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Thread: Tensor product and basis

  1. #1
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    Tensor product and basis

    Hello,

    Let V,W be some finite dim. vector spaces and denote $\displaystyle (e_i)_{i=1,..,n}, (g_j)_{j=1,..,m}$ the bases of V,W respectively.

    Now i want to show that $\displaystyle (e_i \otimes g_j) ,1\leq i,j\leq m,n$ is a basis for the tensor product $\displaystyle V \otimes W$.
    (We have defined the tensor product of vector spaces as a quotient vector space, i hope there is only one such def. such that you are knowing what i'm talking about)

    I could show, that this set is a generating system fo $\displaystyle V\otimes W$. This wasn't so difficult. But i couldn't show that they are linearly independent.

    I also try to show that $\displaystyle V\otimes W$ is isomorphic to another vector space with dimesnion n*m, like Hom(V,W). But i have difficulties with this.
    Can you give me a hint?

    Regards
    Last edited by Sogan; Jan 21st 2011 at 03:33 PM.
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  2. #2
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    Quote Originally Posted by Sogan View Post
    Hello,

    Let V,W be some finite dim. vector spaces and denote $\displaystyle (e_i)_{i=1,..,n}, (g_j)_{j=1,..,m}$ the bases of V,W respectively.

    Now i want to show that $\displaystyle (e_i \otimes g_j) ,1\leq i,j\leq m,n$ is a basis for the tensor product $\displaystyle V \otimes W$.

    I could show, that this set is a generating system fo $\displaystyle V\otimes W$. This wasn't so difficult. But i couldn't show that they are linearly independent.

    I also try to show that $\displaystyle V\otimes W$ is isomorphic to another vector space with dimesnion n*m, like Hom(V,W). But i have difficulties with this.
    Can you give me a hint?

    Regards

    Any two vectors spaces of the same dimension (finite or infinite) over the same field $\displaystyle \mathbb{F}$ are

    isomorphic, so this answers your second question.

    About the first one check the following is true:

    $\displaystyle V\cong V\otimes \mathbb{F}\,,\,\,(V\oplus W)\otimes U\cong (V\otimes U)\oplus (W\otimes U)$ ,

    from which you obtain that $\displaystyle V\otimes W$ is, as vector space, the direct sum of $\displaystyle n+m$

    copies of $\displaystyle \mathbb{F}$ and, thus, its dimension is $\displaystyle n+m$ .

    Tonio
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    What do you mean by U?
    Is it just a subset of the field?

    Thanks
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    Quote Originally Posted by Sogan View Post
    What do you mean by U?
    Is it just a subset of the field?

    Thanks

    Any other vector space over the same field as $\displaystyle V,W$...

    Tonio
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    Excuse me but i'm a bit confused. The Dimension of $\displaystyle V\otimes W$ isn't n+m, as you have written above. it is m*n. isn't it?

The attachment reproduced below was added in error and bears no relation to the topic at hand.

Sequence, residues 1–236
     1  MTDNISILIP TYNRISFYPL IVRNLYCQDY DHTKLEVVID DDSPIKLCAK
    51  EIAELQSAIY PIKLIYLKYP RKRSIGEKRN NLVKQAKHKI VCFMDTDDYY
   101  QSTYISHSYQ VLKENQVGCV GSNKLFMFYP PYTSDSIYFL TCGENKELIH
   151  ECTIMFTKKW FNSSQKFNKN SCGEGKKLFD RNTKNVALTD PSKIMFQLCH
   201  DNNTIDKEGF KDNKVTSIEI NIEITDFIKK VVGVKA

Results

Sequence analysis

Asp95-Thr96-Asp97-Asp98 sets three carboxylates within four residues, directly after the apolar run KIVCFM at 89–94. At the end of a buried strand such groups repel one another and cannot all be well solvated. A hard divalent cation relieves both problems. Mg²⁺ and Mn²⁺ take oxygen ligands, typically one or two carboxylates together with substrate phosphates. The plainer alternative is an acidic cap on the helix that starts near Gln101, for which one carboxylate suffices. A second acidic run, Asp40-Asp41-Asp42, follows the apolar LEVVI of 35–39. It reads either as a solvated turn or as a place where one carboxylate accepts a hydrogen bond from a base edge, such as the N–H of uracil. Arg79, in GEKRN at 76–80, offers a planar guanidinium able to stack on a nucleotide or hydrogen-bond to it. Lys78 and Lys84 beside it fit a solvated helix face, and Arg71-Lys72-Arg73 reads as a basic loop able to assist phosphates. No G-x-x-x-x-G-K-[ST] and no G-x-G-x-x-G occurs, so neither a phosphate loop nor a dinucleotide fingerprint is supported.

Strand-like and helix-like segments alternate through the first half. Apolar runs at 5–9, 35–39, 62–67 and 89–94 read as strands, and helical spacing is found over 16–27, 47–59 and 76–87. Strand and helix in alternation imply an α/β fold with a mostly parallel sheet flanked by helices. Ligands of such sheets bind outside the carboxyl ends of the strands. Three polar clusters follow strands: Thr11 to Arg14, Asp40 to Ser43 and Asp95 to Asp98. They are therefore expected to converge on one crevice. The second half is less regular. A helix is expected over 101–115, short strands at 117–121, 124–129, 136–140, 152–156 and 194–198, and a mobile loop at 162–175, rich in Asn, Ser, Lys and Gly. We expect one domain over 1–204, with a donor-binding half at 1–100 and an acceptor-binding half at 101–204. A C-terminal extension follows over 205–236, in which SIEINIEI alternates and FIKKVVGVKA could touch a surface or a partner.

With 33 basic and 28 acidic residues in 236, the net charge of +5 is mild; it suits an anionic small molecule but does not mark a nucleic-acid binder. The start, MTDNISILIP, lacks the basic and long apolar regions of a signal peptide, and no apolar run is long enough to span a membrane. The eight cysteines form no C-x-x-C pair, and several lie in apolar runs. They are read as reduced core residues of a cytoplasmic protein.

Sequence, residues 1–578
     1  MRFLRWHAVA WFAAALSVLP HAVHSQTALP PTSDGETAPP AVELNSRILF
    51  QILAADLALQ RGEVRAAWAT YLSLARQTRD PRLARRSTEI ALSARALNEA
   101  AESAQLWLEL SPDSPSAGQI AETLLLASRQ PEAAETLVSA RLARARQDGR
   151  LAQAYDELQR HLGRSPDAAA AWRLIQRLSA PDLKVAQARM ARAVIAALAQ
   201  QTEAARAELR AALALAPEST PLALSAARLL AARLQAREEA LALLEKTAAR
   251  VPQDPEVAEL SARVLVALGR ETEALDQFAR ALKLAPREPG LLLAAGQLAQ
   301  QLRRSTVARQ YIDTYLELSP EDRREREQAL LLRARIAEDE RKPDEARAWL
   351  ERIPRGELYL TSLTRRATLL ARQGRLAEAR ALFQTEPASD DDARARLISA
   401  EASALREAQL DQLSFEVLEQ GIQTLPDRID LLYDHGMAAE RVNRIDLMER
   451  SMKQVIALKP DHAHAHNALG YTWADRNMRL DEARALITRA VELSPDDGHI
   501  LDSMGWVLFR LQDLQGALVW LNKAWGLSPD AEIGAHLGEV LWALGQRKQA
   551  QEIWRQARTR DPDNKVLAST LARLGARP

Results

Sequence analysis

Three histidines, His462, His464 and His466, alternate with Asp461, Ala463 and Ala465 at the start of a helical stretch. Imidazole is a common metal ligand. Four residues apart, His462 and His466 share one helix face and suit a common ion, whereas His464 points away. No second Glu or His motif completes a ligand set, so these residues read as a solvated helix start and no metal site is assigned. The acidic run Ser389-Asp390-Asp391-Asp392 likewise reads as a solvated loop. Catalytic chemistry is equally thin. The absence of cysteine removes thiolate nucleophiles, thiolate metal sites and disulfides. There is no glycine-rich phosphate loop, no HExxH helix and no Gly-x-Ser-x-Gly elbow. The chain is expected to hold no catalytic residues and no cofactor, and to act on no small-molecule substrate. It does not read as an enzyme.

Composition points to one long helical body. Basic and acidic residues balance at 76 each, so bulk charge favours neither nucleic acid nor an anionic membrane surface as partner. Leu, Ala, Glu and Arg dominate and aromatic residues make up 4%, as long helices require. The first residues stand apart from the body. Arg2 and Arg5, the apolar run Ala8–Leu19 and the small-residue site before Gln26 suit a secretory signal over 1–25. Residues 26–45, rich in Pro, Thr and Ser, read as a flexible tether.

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    Quote Originally Posted by Sogan View Post
    Excuse me but i'm a bit confused. The Dimension of $\displaystyle V\otimes W$ isn't n+m, as you have written above. it is m*n. isn't it?

    Of course, my bad: it must say $\displaystyle m\cdot n$ in both places where $\displaystyle m+n$ was written.

    Tonio
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    Quote Originally Posted by tonio View Post
    Any two vectors spaces of the same dimension (finite or infinite) over the same field $\displaystyle \mathbb{F}$ are


    $\displaystyle V\cong V\otimes \mathbb{F}\,,\,\,(V\oplus W)\otimes U\cong (V\otimes U)\oplus (W\otimes U)$ ,

    from which you obtain that $\displaystyle V\otimes W$ is, as vector space, the direct sum of $\displaystyle n+m$

    copies of $\displaystyle \mathbb{F}$ and, thus, its dimension is $\displaystyle n+m$ .

    Tonio
    hmmm. I really don't see it. Let us assume that the vs above are isomorphic.
    The dimensions are: dim($\displaystyle (V\times W) \otimes U)=dim(V \otimes U)*dim(W \otimes U)$ how do you seperate the LHS?
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  8. #8
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    Quote Originally Posted by Sogan View Post
    hmmm. I really don't see it. Let us assume that the vs above are isomorphic.
    The dimensions are: dim($\displaystyle (V\times W) \otimes U)=dim(V \otimes U)*dim(W \otimes U)$ how do you seperate the LHS?
    What are you talking about? In general as has been pointed out $\displaystyle \displaystyle \dim\left(V\otimes W\right)=\dim\left(V\right)\dim\left(W\right)$ and thus in particular


    $\displaystyle \begin{aligned}\dim\left(\left(V\oplus W\right)\otimes U\right) &=\dim\left(V\oplus W\right)\dim\left(U\right)\\ &=\left(\dim\left(V\right)+\dim\left(W\right)\righ t)\dim\left(U\right)\\ &=\dim(V)\dim(U)+\dim(W)\dim(U)\end{aligned}$


    And this is certainly not equal to $\displaystyle \dim(V)\dim(W)\dim(U)^2$ as you seemed to indicate. Now, back to your original question if you don't want to appeal to a dimensional argument and explicitly want to write down an isomorphism try taking the obvious one. Namely, if $\displaystyle V$ has basis $\displaystyle \{v_1,\cdots,v_n\}$ and $\displaystyle W$ has basis $\displaystyle \{w_1,\cdots,w_m\}$ then try considering the unique linear homomorphism $\displaystyle T:V\otimes W\to\text{Hom}\left(V,W\right)$ such that $\displaystyle v_i\otimes w_j\mapsto T_{i,j}$ where $\displaystyle T_{i,j}:V\to W$ is the unique element of $\displaystyle \text{Hom}\left(V,W\right)$ with $\displaystyle v_i\mapsto w_j$ and $\displaystyle v_k\mapsto \bold{0},\text{ }k\in[n]-\{i\}$. This is evidently an isomorphism since it's linear and a bijection between bases.